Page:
Tuesday, November 06, 2007
Changing the definition of "normal"
I love having the top-floor, corner office with a window and a view.
Ok...if you must know the truth, my "office" is actually a re-done bedroom in an apartment, complete with used, mis-matched office furniture. I'm just happy I have a window.
My window looks out over Turner Courts, a housing development in South Dallas.
Today I looked up to see a police car drive through...with a second one following him. Two police cars usually mean something's happened. I watched them stop and park in the middle of the street, behind a row of parked cars. It was only then that I noticed the third police car that was pulled into a parking spot and a police officer handcuffing a guy. Seconds later, a fourth police car came around the corner to offer assistance. Nothing big or dramatic happened as far as I could see. After he was handcuffed, they frisked the man. I can only assume they put him in the car and took him away. I don't know. I stopped watching after that.
Although there were a few people who came out of the woodwork to see what was happening, most people continued walking to their destination with no more than a glance his direction.
While sitting in this office, I have witnessed drug raids, car chases, seen arrests, watched people fight, and heard gun shots. It doesn't happen every day, but it happens enough that it doesn't surprise me or seem abnormal. Like the other people, most of the time I just continue walking.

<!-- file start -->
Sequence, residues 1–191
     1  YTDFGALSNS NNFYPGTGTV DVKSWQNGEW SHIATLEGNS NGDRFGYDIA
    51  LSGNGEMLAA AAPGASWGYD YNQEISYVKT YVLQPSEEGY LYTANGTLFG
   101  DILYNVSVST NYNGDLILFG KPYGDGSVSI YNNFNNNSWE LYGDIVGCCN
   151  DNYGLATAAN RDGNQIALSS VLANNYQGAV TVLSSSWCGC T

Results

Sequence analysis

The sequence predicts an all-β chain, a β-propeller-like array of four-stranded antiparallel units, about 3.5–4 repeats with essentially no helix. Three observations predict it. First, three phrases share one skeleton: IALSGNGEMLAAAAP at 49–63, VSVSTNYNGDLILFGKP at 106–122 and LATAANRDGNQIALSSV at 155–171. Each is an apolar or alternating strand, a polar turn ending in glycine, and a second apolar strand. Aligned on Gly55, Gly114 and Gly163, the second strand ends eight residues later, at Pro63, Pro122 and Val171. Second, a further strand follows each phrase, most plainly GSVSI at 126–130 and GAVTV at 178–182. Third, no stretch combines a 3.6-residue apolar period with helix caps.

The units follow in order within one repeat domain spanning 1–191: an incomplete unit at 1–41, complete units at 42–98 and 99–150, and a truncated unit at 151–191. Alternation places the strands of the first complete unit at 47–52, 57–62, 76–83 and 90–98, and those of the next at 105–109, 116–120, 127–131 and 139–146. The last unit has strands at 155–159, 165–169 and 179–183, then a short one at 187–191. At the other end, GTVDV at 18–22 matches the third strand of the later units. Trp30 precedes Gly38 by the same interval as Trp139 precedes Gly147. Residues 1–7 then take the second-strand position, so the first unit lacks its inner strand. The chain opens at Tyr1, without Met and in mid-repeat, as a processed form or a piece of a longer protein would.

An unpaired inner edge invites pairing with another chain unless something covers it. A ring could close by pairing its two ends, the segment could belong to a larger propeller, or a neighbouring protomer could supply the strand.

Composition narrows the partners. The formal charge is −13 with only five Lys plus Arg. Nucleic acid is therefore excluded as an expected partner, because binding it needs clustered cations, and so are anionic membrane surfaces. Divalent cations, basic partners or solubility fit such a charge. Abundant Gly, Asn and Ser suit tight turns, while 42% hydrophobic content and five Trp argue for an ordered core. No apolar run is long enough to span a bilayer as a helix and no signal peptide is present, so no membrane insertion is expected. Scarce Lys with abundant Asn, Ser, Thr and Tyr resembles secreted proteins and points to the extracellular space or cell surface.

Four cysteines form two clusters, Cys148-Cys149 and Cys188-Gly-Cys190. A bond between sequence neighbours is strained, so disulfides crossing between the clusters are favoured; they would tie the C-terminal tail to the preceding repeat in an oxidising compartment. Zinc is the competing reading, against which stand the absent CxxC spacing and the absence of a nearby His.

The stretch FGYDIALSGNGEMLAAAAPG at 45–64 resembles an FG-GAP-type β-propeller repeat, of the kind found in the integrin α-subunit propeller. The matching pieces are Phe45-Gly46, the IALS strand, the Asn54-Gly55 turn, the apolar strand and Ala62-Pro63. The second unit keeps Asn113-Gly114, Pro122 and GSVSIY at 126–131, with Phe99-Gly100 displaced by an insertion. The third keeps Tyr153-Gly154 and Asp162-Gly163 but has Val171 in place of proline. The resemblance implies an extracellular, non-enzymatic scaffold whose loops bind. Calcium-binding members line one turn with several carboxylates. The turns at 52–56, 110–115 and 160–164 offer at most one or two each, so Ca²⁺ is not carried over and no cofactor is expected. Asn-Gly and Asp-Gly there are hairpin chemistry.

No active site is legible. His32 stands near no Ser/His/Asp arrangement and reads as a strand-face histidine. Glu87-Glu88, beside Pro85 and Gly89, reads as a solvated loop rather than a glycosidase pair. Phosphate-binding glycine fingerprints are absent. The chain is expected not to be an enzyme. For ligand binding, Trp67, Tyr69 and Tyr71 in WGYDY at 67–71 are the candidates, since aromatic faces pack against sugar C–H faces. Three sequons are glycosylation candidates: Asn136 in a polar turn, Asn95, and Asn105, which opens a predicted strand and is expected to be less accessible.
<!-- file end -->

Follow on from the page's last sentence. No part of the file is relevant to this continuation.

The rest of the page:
Who deserves for that to be their "normal?"
As I gazed out my window, I wondered what goes through kids' minds when they grow up seeing young and old men arrested. What do they think as they look around at the run-down buildings? What goes through their mind when they see the guys hanging out on the corner? I wondered what kinds of things they know about and deal with consciously and sub-consciously.
I wonder how what children see and hear impacts what they believe about themselves and their community. I wonder how it impacts their definitions of "normal."
I also wonder what we, as a society, are doing to make "normal" any different for the kids and families in places like Turner Courts. There are things we can do. Like ...calling our Congress members to pass the SCHIP bill, encourage them to increase funding to 21st Century learning programs, voice your support for drug rehabilitation and treatment for drug offenders in prison...consider hiring ex-offenders...vote for increased funding (and dare I say *equitable* funding) for low-income schools. Each of these provide little effort on our part, but make a big difference in the lives of people in low-income neighborhoods.
Help us change the definition of "normal."